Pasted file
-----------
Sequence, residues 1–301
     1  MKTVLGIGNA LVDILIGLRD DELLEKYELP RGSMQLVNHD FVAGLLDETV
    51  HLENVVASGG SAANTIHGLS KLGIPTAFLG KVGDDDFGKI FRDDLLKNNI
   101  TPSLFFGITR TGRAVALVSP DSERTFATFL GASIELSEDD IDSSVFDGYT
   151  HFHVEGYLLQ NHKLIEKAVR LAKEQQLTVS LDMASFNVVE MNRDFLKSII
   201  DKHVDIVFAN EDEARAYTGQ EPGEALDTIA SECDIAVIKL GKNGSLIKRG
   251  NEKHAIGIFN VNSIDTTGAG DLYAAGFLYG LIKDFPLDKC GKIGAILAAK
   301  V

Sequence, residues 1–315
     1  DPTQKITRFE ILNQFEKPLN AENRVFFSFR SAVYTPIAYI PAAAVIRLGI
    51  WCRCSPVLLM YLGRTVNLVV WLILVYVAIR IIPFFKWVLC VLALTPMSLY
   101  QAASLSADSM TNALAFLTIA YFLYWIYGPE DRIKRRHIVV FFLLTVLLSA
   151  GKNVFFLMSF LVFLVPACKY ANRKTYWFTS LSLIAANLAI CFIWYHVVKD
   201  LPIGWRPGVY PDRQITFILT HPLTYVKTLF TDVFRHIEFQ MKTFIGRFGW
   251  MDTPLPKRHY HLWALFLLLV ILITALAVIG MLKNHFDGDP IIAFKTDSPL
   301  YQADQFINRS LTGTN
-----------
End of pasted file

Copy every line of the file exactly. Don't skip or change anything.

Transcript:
Sequence, residues 1–301
     1  MKTVLGIGNA LVDILIGLRD DELLEKYELP RGSMQLVNHD FVAGLLDETV
    51  HLENVVASGG SAANTIHGLS KLGIPTAFLG KVGDDDFGKI FRDDLLKNNI
   101  TPSLFFGITR TGRAVALVSP DSERTFATFL GASIELSEDD IDSSVFDGYT
   151  HFHVEGYLLQ NHKLIEKAVR LAKEQQLTVS LDMASFNVVE MNRDFLKSII
   201  DKHVDIVFAN EDEARAYTGQ EPGEALDTIA SECDIAVIKL GKNGSLIKRG
   251  NEKHAIGIFN VNSIDTTGAG DLYAAGFLYG LIKDFPLDKC GKIGAILAAK
   301  V

Sequence, residues 1–315
     1  DPTQKITRFE ILNQFEKPLN AENRVFFSFR SAVYTPIAYI PAAAVIRLGI
    51  WCRCSPVLLM YLGRTVNLVV WLILVYVAIR IIPFFKWVLC VLALTPMSLY
   101  QAASLSADSM TNALAFLTIA YFLYWIYGPE DRIKRRHIVV FFLLTVLLSA
   151  GKNVFFLMSF LVFLVPACKY ANRKTYWFTS LSLIAANLAI CFIWYHVVKD
   201  LPIGWRPGVY PDRQITFILT HPLTYVKTLF TDVFRHIEFQ MKTFIGRFGW
   251  MDTPLPKRHY HLWALFLLLV ILITALAVIG MLKNHFDGDP IIAFKTDSPL
   301  YQADQFINRS LTGTN